SAFE Finance Blog
28 Mar 2024

The SAFE Regulatory Radar in March

Amendments in SEPA regulations, new rules for alternative investment fund managers, and the modernization of the UCITS framework, as well as the upcoming implementation of DORA and MiCA

At the end of each month, the SAFE Regulatory Radar highlights a selection of important news and developments on financial regulation at the national and EU level.

SEPA: Instant payments soon fully available in euro to consumers and businesses in the EU and EEA countries

New rules for instant payments will enter into force in the EU and European Economic Area (EEA) countries after a transitional period. On 26 February 2024, the Council of the EU adopted a regulation amending Regulations (EU) No 260/2012 and (EU) 2021/1230 and Directives 98/26/EC and (EU) 2015/2366, which will make instant payments in euro fully available to consumers and businesses in these countries. The aim is to enhance the strategic autonomy of the European economic and financial sector as the new rules will help to reduce any excessive reliance on third-country financial institutions and infrastructures.

The regulation, which is explained in more detail in the SAFE Regulatory Radar of November 2023, when the agreement was still provisional, aims to improve the possibilities to mobilize cash flows for the benefit of citizens and businesses and to enable innovative value-added services. The new rules will also grant access to payment systems and electronic money institutions (PIEMIs) by amending the Settlement Finality Directive (SFD), which will result in the obligation for these entities to offer the service of sending and receiving immediate credit transfers after a transitional period. The regulation also includes appropriate safeguards to ensure that the access of PIEMIs to payment systems does not introduce additional risks to the system.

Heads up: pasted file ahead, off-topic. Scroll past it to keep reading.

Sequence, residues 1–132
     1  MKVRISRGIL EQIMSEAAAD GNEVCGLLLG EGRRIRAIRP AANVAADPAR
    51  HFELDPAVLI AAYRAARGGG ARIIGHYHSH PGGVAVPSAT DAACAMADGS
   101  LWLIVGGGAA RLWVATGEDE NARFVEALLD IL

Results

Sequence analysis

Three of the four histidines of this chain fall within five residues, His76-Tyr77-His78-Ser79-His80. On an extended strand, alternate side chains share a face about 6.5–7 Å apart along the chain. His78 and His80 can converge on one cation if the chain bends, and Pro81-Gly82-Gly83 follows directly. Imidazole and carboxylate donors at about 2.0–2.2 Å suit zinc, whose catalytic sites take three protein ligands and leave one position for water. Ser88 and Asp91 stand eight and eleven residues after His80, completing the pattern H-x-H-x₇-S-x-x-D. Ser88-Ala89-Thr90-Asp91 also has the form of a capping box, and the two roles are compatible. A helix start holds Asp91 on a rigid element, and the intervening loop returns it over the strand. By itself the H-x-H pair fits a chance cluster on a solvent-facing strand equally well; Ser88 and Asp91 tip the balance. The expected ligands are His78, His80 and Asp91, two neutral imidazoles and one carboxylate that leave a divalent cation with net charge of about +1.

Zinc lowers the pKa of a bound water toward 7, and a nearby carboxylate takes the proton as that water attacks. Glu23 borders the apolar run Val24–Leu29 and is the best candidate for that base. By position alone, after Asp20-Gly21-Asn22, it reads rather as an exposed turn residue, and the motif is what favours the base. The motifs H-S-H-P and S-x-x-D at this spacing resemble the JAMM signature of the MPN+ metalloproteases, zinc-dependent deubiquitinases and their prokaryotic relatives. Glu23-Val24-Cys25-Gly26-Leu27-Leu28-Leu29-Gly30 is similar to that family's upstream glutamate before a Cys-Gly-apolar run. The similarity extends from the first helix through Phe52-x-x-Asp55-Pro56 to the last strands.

The regulation contains a review clause requiring the Commission to submit a report evaluating the development of credit charges.

AIFMD/UCITS: New rules for alternative investment fund managers and plain-vanilla EU investment funds

On 26 February 2024, the Council of the EU adopted a directive to improve European capital markets and strengthen investor protection in the EU, amending the Alternative Investment Fund Managers Directive (AIFMD), which regulates managers of hedge funds, private equity funds, private debt funds, real estate funds, and other alternative investment funds in the EU. The directive also modernizes the framework for undertakings for collective investment in transferable securities (UCITS), which are plain-vanilla, EU-harmonized retail investment funds such as unit trusts and investment companies. The new directive aims to improve European capital markets and to strengthen investor protection in the EU.

The amendments to the AIFMD and UCITS are part of the Capital Markets Union (CMU) package presented by the Commission on 25 November 2021. The CMU is the EU’s initiative to create a true single market for capital across the EU. It aims to allow for investments and savings to flow across all member states for the benefit of citizens, businesses, and investors.